3. Decide the HDTV isn’t as bad as it seems after all; abandon the cart and avoid making any purchases for the next two weeks, despite the retargeting from the abandoned cart. Then a further automation is triggered to send them an email to attempt to persuade them.

If you are involved in even more complex purchases, like B2B, where multiple stakeholders may need to sign off on a purchase, how do you know which marketing activity was effective in closing the deal (if there is one)?

An effective model of the entire customer journey is needed to track multi-channel campaigns and account for attribution. 

According to 4Imprint research, almost half of marketing managers use last click/touch tracking because it’s easy to track in Google Analytics or PPC. It’s like the guy looking for his lost keys under the streetlamp (“no, I dropped them somewhere over there I think, but it’s too dark there, so I’m looking here.”) Results of the same research suggest that 72% of marketers believe better attribution is part of improving ROI by allocating budget across channels.

In conclusion, what are you going to do to evaluate the effectiveness of multichannel campaigns?

Initially, measure what you can, as comparing one campaign with another remains valuable. If brand equity, price, or word of mouth contribute the bulk of each campaign’s success, the baseline here is consistent, and the incremental benefits that either campaign delivers are worth evaluating – maybe they’re only incremental, but in an era of constantly improving, every tiny step counts.

A CRM built around integrated omnichannel customer data is the key. Consequently, all possible touchpoints can be included in your customer journey mapping through email marketing, cold calling, and social media. Make sure you track everything you can!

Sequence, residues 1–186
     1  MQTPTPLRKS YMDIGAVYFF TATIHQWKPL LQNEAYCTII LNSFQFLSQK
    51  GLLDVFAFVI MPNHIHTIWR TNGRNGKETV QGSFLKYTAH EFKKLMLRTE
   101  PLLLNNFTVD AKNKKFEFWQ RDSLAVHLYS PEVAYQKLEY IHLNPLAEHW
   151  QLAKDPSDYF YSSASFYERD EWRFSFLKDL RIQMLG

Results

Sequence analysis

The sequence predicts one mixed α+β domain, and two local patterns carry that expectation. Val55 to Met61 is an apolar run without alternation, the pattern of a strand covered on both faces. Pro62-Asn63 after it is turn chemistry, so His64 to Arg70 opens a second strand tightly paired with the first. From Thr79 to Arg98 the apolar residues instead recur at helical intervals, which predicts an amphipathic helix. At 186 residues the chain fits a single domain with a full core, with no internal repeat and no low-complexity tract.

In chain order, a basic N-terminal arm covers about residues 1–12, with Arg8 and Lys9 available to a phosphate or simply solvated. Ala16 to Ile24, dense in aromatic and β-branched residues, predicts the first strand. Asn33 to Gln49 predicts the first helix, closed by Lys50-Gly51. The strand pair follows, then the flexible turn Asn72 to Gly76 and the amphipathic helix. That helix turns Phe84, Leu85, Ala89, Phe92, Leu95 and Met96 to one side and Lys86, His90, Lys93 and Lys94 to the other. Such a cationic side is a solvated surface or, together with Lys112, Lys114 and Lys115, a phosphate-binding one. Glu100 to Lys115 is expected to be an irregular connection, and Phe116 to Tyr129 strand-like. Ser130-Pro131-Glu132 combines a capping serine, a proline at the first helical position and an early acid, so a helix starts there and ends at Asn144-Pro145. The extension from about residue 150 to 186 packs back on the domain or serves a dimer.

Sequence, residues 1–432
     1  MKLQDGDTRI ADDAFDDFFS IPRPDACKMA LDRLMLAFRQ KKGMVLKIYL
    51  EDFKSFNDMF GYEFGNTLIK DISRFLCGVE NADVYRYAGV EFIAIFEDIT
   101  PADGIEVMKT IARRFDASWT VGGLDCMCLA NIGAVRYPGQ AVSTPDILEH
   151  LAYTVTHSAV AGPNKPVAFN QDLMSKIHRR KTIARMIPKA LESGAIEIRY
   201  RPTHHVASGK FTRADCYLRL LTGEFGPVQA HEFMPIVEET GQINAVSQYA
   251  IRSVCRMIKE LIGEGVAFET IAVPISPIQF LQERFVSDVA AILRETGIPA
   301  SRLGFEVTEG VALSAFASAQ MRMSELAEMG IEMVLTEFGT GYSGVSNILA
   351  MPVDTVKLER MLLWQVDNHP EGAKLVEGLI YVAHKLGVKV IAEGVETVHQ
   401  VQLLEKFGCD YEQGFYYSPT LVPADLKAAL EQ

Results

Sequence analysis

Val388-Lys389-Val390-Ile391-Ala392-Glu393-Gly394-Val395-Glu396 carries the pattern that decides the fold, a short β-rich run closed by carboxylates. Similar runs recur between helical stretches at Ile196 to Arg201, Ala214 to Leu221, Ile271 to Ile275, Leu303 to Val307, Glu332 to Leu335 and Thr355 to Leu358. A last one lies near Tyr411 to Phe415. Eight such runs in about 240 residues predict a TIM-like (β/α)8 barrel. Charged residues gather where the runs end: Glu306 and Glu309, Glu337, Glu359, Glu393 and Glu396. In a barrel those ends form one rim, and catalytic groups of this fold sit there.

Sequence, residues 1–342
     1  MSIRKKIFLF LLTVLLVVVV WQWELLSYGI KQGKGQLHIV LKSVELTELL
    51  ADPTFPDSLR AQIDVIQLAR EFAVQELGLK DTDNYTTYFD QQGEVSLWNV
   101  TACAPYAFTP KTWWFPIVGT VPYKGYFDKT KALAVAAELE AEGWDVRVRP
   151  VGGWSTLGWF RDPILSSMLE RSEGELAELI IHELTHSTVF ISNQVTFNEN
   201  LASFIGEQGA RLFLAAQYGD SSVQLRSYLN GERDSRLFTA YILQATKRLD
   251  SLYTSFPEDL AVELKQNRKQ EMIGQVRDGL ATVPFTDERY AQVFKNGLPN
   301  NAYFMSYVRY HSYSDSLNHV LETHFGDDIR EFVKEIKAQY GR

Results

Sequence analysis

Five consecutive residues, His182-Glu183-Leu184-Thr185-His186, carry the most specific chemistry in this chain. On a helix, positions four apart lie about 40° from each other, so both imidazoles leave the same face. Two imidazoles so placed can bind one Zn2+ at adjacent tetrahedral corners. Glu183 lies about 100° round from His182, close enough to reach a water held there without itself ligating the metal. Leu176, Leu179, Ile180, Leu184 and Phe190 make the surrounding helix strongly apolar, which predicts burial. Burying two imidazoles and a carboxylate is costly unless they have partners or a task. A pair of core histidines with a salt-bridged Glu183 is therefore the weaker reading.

Using the data, we can model and visualize it in a variety of ways, exploring different attribution models and their impacts. If, for instance, you see that most of your high-ticket purchasers saw a particular ad during a 90-day period of time, you might come to notice that some types of brand communication have lasting value. Despite not converting on its own, it is a driving force behind many sales.

Monitoring Multichannel Marketing: The Future

As we emerge from lockdown and return to blended shopping, we can expect location tracking and triggers to play an increasingly important role in keeping track of multichannel marketing campaigns.

The beacons can send push notifications when shoppers are near a store using Bluetooth, for instance. Although this technology existed before Covid, sometimes it crossed the line into creepy territory, it will be interesting to see if the technology becomes more widely accepted after over a year of contact tracking and alerts.

Furthermore, we can expect even more marketing channels to be added to the mix – which means more tracking to keep up with, such as extended reality: how many ads did your metaverse avatar see today?

Campaign management will need to change in order to transition from multi-channel to omnichannel – centering the communication on the customer at every touch point and connecting every campaign to their CRM record.

As a result, the channels themselves will become interchangeable and scalable, to meet the preferences of consumers wherever your brand appears, as well as ensuring they are receiving a customized, consistent and holistic message.

David Welson
I am David Welson, an enthusiast who loves to travel and explore the world. Not only travelling is what I love in fact, I write travel blogs too, in order to entertain people and show them how important travelling is. I am a passionate writer and by profession